Client: City of Minneapolis
Location: MINNEAPOLIS, MN, United States
Completion date: 2021
Lines of Flight, Human is a large-scale public artwork for the new Public Service Building at City Hall Plaza in Minneapolis, Minnesota. The custom-designed facade pattern extends along 150’-0” of the building’s second floor and 400’-0” of a public skyway bridge that connects to the county office building across the street. The artwork is intended to meet bird-safe standards for high-rise glass curtain walls, while also providing a dynamic and engaging experience for both people within the public circulation space of the second floor and pedestrians on the street level.
The project is inspired by the migration patterns of humans to the state of Minnesota. The pattern spatializes demographic data as a series of nested bands that weave over and under one another to create an interconnected network across the facade. Each band corresponds to a different immigrant population of Minnesota and serves as a kind of timeline, mapping the history of that respective population’s migration to the state. The variable dash pattern of each band intensifies in density and line weight to indicate moments of greater migration. Between and among the bands is a field consisting of encoded Indigenous place names found within the region. The result produces multiple readings at multiple scales.
The project was conceived in 2018 when anti-immigrant sentiment in the United States was high. One of its goals was to remind viewers that the United States, since its colonization, has become a country of immigrants. Minnesota, in particular, has been particularly welcoming. According to the U.S. census and refugee-support agencies, Minnesota has the highest number of refugees per capita nationwide. With 2% of the nation’s population, Minnesota has 13% of its refugees. For workers, visitors and other passers-by of the Public Service Building, Lines of Flight, Humans is a call to celebrate immigrants, immigration, and the varied paths and perspectives of our diverse community. As a visual illustration that immigration has been central to the state’s history, the piece can serve as a reminder to extend this welcome to others into the future.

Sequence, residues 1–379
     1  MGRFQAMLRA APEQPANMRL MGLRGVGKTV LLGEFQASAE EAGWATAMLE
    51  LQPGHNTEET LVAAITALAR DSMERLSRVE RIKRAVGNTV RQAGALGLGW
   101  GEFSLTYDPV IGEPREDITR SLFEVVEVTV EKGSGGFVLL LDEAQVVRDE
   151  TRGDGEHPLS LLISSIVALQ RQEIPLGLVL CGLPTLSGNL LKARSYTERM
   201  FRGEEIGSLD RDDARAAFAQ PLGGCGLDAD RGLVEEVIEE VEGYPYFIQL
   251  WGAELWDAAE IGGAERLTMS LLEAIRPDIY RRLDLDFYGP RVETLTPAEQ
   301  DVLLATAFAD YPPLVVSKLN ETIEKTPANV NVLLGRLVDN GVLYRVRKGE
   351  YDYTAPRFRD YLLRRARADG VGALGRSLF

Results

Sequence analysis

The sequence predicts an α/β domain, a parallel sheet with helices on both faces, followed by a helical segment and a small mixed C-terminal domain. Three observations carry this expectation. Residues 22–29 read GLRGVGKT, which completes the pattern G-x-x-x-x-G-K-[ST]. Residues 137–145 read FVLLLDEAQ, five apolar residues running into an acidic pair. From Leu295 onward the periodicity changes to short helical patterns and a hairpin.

Although commissioned as a public artwork, the project also needed to conform to bird-safety standards for glass facades. This was an important facet of the project, as the data-rich pattern also includes graphic elements that satisfy the minimum density needed to prevent bird collisions with the glass.
Futures North employed an algorithmic design process for the pattern integrated data-driven and recursive workflows. This allowed the project to synthesize historical data, communicative design, and bird-safe parameters. The project was commissioned by the City of Minneapolis after a national selection process. Statistician Alicia Johnson collaborated with the team to interpret large immigration datasets from the US Census Bureau. During the design process Futures North met with Senior Demographer of the State of Minnesota, Megan Robertson Dayton and Dakota Artist, Angela Two Stars to solicit feedback about the artwork. Futures North worked closely with the building architects Henning Larsen and MSR Design as well as the fabricators and installers to coordinate the pattern with the curtain wall design. There was an intensive review process with council members as well as a public art review committee from the City of Minneapolis.
As a government building to house a variety of Minneapolis’s city employees and services, the Public Service Building was designed to serve the city’s residents. Lines of Flight, Human leverages computational processes to explore histories of immigration to this region as a way to engage viewers with a design that references the site’s history and the building’s public role. When examining the history of immigration, however, one cannot overlook the history of genocide and forced dispossession of Indigenous communities that call this region home. Lines of Flight, Human embeds a visual land acknowledgement alongside the history of immigration of diverse groups to the region currently known as Minnesota. The project’s computational design integrates generative, data-driven, and analytical workflows to synthesize conceptual, communicative, and bird-safe parameters. This results in an artwork that is graphically bold, visually dynamic, and responsive to context. Too often, bird-safe glass frit and printed film are an afterthought making use of repetitive, off-the-shelf patterns. Lines of Flight, Human suggests novel pathways for building facade design that blend public engagement and computational design with a sensitivity to non-human inhabitants with whom we share the environment.